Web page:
Is TV Football Worth the Money?

Earlier this week BT proudly announced that they had paid an eye watering £1.18 billion for exclusive rights to Champions League and Europa League football from 2018 to 2021, a 32 per cent increase on what they are currently paying.

The new deal gives BT complete exclusivity to the two UEFA competitions, meaning that free to air channels will not even be able to show highlights of matches, as ITV do under the current arrangement.

Of course, it is BT’s customers who will ultimately pay for this. BT have already announced that the cost of their broadband and phone packages will rise by as much as 6 per cent in April. In addition BT broadband customers, who have until now received the BT Sport channels for free, will have to pay a monthly fee from August.

BT customers aren’t the only ones left feeling short changed. Low audience figures have led to Champions League sponsors complaining about lack of exposure. Sky have also seen low viewing figures for their live coverage of English Premiership games, with some industry reports saying that audiences are down by 20 per cent.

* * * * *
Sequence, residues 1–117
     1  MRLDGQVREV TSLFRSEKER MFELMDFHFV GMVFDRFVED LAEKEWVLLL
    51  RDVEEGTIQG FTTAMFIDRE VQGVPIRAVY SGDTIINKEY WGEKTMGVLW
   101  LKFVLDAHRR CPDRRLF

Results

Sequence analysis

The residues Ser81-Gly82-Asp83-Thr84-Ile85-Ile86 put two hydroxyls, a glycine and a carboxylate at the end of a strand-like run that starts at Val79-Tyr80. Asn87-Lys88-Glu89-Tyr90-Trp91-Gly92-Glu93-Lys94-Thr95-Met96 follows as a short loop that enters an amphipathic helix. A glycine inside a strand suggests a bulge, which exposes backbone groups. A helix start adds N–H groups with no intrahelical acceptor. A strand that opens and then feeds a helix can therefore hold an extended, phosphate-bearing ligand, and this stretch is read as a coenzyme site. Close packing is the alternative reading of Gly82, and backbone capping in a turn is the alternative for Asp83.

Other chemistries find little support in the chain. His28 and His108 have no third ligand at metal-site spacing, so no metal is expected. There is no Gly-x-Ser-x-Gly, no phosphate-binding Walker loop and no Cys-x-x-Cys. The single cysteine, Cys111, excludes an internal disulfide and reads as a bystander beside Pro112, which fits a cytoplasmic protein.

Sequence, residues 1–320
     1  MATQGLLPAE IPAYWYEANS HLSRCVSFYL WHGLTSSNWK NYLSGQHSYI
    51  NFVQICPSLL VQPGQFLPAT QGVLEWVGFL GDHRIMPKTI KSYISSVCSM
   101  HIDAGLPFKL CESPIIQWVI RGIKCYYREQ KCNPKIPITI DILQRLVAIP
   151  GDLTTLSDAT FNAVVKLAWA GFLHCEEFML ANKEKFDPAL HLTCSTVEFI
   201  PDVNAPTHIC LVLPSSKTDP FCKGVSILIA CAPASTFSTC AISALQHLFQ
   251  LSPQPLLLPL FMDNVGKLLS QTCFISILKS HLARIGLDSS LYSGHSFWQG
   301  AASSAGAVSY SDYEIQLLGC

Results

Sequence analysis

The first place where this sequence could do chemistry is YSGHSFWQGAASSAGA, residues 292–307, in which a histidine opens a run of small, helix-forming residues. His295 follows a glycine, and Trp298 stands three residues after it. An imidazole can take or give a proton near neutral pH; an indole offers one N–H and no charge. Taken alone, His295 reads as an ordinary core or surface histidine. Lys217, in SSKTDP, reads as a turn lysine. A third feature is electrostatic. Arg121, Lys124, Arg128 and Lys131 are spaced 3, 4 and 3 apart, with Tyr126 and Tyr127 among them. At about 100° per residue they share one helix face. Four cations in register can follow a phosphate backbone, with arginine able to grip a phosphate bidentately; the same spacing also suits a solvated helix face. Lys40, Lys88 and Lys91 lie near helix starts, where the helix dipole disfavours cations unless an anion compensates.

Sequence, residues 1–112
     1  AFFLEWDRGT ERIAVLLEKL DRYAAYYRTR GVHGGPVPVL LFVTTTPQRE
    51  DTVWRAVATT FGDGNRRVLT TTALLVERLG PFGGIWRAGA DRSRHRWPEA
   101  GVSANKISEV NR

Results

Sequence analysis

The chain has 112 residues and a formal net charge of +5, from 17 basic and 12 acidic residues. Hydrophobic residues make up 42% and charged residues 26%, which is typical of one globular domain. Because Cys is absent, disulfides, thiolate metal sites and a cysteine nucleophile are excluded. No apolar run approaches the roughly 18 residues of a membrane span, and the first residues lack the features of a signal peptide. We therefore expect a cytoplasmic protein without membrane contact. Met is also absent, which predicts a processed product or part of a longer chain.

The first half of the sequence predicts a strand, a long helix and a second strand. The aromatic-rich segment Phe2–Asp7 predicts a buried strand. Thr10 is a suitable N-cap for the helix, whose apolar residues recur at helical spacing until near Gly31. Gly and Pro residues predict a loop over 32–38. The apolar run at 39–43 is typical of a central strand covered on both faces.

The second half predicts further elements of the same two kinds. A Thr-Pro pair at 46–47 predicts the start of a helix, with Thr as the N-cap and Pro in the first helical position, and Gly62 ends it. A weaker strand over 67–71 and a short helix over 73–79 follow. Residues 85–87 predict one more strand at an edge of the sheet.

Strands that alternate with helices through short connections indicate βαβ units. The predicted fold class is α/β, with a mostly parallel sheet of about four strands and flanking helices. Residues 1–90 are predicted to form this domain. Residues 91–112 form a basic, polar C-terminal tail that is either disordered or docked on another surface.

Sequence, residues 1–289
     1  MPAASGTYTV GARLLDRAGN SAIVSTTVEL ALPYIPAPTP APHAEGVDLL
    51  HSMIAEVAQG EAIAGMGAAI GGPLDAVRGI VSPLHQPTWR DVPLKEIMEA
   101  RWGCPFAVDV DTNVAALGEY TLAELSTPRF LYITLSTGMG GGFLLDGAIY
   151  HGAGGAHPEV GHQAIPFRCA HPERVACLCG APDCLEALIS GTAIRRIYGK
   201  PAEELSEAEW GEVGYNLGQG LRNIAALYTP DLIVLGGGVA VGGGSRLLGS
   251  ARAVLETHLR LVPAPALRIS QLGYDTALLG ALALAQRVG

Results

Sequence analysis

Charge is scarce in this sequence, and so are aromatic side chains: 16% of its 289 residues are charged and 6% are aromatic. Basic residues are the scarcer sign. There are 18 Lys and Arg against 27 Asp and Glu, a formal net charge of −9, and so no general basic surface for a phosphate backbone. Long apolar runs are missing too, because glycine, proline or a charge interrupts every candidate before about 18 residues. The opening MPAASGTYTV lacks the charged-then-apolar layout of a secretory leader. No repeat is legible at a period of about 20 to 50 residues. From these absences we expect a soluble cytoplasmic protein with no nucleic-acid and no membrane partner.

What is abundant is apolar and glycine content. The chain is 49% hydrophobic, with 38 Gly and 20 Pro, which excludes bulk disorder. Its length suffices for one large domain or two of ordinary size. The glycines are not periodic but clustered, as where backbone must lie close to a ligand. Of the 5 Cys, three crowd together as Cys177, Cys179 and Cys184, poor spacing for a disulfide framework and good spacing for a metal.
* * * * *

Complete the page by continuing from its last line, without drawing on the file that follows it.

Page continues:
Increasing numbers of football fans, particularly tech savvy youngsters, are now bypassing Sky and BT to view games live for free on their PCs courtesy of illegal streaming services.

It therefore seems a little surprising that BT were willing to pay such a high price for European football when the evidence seems to be suggesting that the appetite for football on pay TV is diminishing, particularly among younger audiences. However BT obviously believe that enough people will be willing to hand over their hard earned cash in order to keep Europe’s leading footballers in the luxury which they have come to expect.

When you think about it, what this really all amounts to is simply a massive wealth redistribution scheme. Working class football fans, many of them on low or fixed incomes, give their money to the large global corporations and Middle East Royal families who now seem to own most of Europe’s leading football clubs. Taking money from the poor and giving it to the obscenely rich, welcome to modern football!





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